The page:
Sir Ian Gibson is facing pressure from some of Wm Morrison’s biggest investors to stand down as the supermarket’s chairman. Two top 10 shareholders said they wanted to see motor industry veteran Gibson replaced by a retail grandee who could get a grip on Morrisons’ performance. City sources said candidates could include John Gildersleeve, the former Carphone Warehouse chairman and veteran Tesco executive, and John McAdam, chairman of United Utilities and JSainsbury’s senior independent director.

Uniglo, the Japanese fashion giant, is in talks about a possible takeover of Cath Kidston, the British retailer famed for its distinctive colourful prints. The Tokyo-based Fast Retailing, parent of Uniqlo, is understood to be weighing up a bid for Cath Kidston as part of a plan to become the world’s No1 high-street clothing chain. The interest of the Asian powerhouse comes as a Chinese conglomerate, Sanpower, seals a shock takeover of House of Fraser.

Heineken is considering plans to offload up to 10% of its British pub estate.The Dutch brewer owns 1,250 pubs in this country but is plotting a possible sale of about 100 of the poorest- performing outlets. Discussions over a potential sale are understood to be in the early stages. Industry sources cautioned that no decision had yet been taken on whether to push ahead.

City says Clarke is on borrowed time as discount chains continue to steal sales. Tesco is poised to admit to another year of falling sales and profits as top shareholders warn that time is running out for its chief executive, Philip Clarke. On Wednesday, Britain’s biggest supermarket is expected to reveal a 1% drop in sales and a 6% slide in trading profits to £3.2bn. Clarke has struggled to halt a flow of bad news and downgrades since 2012, when Tesco was forced to issue its first profit warning in more than two decades.

First it was a float. Then it was the French. Finally a Chinese tycoon sealed the deal for the venerable House of Fraser. Until maverick Mike Ashley emerged with 11%. It had not been a good weekend for Don McCarthy. For months the 58-year-old chairman and co-owner of House of Fraser had been trying to find a buyer for the department store chain. After abortive talks with a Qatari family and the French retailer Galeries Lafayette, McCarthy had tentatively agreed a £480m deal with a Chinese tycoon, only to find the news splashed across the front of the business section of The Sunday Times.


In the 1950s, the Co-operative movement controlled 30 per cent of the British grocery market and produced more than 50 per cent of the milk. More than half a century on, it is hard to conceive of what a profoundly important part of the social fabric it was, and had been for most of its history.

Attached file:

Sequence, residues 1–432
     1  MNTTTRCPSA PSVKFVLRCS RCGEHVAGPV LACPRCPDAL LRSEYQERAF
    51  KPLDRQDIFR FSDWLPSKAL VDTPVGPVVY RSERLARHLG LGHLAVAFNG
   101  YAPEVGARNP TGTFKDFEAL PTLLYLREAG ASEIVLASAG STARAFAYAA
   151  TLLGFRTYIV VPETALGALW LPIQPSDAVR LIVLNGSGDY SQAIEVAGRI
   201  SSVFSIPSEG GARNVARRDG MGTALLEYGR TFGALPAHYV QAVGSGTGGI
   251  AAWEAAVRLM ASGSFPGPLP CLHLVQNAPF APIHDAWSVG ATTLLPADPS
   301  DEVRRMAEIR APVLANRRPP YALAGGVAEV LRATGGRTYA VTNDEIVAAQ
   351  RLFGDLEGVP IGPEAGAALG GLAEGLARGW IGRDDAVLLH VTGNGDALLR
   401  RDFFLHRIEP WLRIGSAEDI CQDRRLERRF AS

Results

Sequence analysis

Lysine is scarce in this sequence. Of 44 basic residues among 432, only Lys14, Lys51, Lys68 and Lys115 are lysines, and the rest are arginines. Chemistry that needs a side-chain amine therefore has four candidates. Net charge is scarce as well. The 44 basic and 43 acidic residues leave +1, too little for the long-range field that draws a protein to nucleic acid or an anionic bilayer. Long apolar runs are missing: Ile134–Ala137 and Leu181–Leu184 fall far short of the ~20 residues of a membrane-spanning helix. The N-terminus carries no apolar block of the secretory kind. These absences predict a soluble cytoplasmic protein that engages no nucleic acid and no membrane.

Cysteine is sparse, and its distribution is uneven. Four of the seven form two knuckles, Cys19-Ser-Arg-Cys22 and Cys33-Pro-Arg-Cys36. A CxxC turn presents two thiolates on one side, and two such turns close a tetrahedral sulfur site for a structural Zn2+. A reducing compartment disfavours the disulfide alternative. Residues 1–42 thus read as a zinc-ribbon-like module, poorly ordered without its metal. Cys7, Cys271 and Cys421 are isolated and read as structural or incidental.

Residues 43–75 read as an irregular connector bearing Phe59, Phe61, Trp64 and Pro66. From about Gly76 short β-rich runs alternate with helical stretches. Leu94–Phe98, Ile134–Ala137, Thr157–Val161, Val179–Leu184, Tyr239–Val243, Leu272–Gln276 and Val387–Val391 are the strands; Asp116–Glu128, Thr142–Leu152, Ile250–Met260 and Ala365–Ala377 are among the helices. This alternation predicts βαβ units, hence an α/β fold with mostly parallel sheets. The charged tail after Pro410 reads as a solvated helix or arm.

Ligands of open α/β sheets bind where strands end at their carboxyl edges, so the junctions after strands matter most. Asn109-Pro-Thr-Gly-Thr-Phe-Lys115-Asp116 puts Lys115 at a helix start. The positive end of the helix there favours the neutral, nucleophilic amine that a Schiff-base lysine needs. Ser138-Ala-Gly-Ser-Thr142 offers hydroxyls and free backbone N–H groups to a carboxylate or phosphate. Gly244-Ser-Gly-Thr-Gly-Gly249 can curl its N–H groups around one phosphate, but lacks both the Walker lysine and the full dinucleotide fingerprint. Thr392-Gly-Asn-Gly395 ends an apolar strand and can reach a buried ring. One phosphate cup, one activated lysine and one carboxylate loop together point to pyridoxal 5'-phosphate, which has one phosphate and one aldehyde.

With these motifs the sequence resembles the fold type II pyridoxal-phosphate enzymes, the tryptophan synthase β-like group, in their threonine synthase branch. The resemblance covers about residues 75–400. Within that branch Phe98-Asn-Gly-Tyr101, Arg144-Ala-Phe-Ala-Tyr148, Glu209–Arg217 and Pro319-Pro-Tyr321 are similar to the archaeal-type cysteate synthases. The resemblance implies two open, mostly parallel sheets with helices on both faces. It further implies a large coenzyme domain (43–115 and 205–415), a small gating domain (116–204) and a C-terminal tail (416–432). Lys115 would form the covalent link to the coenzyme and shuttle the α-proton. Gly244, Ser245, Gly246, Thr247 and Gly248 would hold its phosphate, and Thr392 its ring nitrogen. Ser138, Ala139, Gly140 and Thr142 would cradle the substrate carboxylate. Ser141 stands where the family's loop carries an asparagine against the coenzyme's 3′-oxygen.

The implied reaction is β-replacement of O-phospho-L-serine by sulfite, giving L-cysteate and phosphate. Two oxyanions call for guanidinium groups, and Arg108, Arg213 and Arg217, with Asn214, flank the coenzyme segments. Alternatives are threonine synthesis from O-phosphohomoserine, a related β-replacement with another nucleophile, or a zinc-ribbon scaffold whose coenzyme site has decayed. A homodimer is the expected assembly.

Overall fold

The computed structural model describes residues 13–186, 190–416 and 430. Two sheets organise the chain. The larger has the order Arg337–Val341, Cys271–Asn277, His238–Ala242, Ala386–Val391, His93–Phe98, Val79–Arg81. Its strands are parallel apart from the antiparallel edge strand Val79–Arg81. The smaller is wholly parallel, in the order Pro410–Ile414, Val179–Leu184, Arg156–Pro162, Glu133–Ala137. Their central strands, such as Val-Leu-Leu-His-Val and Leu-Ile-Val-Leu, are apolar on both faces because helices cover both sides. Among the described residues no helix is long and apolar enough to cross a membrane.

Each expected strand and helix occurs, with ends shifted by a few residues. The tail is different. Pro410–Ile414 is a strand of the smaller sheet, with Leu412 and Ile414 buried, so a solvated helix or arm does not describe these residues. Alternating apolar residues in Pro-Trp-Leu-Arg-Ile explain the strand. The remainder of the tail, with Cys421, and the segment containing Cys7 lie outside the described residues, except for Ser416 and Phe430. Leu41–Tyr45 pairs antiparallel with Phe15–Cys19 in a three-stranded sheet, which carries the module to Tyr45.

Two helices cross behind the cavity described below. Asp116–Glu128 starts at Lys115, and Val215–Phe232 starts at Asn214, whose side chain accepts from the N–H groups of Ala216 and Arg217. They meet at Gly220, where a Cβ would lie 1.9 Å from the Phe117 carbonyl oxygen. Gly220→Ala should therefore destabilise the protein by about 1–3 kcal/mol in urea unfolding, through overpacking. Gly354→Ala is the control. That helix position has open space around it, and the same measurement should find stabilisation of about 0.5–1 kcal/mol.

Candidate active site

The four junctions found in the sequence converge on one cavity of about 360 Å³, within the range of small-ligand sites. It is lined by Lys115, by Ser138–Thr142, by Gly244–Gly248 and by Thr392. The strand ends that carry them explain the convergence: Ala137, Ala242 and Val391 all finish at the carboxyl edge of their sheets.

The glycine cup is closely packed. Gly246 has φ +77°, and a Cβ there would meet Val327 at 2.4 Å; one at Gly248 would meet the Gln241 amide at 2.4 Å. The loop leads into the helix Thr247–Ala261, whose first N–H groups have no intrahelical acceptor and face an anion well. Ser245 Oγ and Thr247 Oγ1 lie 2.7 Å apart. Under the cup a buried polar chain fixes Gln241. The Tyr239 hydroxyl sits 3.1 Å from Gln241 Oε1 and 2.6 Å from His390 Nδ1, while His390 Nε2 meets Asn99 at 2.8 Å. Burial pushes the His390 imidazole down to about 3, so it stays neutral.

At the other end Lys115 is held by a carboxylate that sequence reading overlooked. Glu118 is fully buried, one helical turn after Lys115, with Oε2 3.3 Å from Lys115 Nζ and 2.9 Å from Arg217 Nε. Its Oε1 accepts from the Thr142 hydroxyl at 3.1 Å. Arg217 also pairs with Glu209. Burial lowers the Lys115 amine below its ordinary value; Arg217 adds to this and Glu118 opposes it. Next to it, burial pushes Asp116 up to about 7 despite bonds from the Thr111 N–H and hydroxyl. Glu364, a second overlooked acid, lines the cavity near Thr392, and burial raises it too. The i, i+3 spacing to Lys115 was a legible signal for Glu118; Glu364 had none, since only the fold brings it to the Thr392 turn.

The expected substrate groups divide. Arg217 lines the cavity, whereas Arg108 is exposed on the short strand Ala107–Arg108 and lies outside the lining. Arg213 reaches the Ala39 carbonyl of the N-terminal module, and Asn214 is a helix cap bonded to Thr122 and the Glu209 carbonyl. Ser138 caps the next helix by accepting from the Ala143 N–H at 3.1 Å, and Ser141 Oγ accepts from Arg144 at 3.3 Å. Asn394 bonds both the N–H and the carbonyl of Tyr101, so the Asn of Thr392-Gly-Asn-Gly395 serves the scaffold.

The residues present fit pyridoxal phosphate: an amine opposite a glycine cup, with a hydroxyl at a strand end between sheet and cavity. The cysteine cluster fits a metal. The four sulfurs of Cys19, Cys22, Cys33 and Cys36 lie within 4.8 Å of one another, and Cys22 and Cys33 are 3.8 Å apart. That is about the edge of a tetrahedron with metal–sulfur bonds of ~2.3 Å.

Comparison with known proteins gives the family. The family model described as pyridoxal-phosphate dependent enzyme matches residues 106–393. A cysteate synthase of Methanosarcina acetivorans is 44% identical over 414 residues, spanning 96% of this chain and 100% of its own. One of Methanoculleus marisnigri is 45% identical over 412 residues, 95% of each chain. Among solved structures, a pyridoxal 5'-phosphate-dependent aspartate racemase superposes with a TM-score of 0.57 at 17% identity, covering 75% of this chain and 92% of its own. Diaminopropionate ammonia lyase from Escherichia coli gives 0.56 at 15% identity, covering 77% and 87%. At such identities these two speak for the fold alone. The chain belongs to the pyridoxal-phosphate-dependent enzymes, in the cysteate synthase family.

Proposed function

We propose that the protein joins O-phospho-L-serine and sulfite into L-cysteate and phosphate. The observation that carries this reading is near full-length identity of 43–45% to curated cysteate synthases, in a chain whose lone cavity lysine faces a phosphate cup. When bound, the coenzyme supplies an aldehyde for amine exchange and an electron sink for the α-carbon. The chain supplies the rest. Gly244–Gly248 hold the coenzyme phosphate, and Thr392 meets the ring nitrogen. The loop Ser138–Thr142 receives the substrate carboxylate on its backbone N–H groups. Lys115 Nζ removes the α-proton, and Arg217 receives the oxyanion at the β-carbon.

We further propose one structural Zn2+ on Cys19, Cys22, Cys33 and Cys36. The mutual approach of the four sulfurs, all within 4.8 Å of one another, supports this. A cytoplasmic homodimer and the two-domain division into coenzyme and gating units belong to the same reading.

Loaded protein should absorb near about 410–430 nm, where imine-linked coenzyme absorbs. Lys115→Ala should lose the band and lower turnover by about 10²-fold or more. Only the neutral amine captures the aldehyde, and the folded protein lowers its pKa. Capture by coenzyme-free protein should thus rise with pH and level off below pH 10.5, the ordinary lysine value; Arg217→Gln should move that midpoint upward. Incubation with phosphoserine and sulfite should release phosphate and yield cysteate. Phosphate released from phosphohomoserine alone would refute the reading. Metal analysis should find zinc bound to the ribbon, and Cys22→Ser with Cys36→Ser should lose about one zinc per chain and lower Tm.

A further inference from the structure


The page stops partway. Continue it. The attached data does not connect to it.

David Williams was walking through the streets of Liverpool with his life-long friend Oliver Press and noticed how: "the fourth Tesco and third Costa Coffee [had] opened up in a square mile of where we live. We knew we had to do something". The pair, both 23, started a blog about the city's independent traders and, after it gathered momentum, launched Independent Liverpool in August last year. The concept is a simple one: shoppers pay £10 for the discount card for their city.

Mail on Sunday

The Co-operative Group could slash its stake in its ailing banking arm to less than a quarter as the bank rushes through a £400?million emergency cash call. The group’s stake in the bank has already dropped to 30 per cent after last year’s bail-out in which City and Wall Street investors took over the majority of the shares. But it is now expected to cut its holding to between 22 and 24 per cent as part of the new emergency fundraising.

Fresh details about the collapse of sports chain JJB in 2012 could emerge this week when the firm’s chairman and his son appear in court to face fraud charges. The case brought by the Serious Fraud Office will begin in Leeds Crown Court tomorrow. The prosecution is set to start presenting its case on Wednesday.

Anthony Thomson, the founding chairman of Metro Bank, has performed a major U-turn. Seven years ago he was preparing the launch of the revolutionary challenger to the big high street banks and boasting about its commitment to good old-fashioned branches. Now he is back with a plan to launch another new bank – Atom. But this time he is singing a very different tune. He says: ‘In the future children will ask, “Tell me daddy, what was a bank branch?”’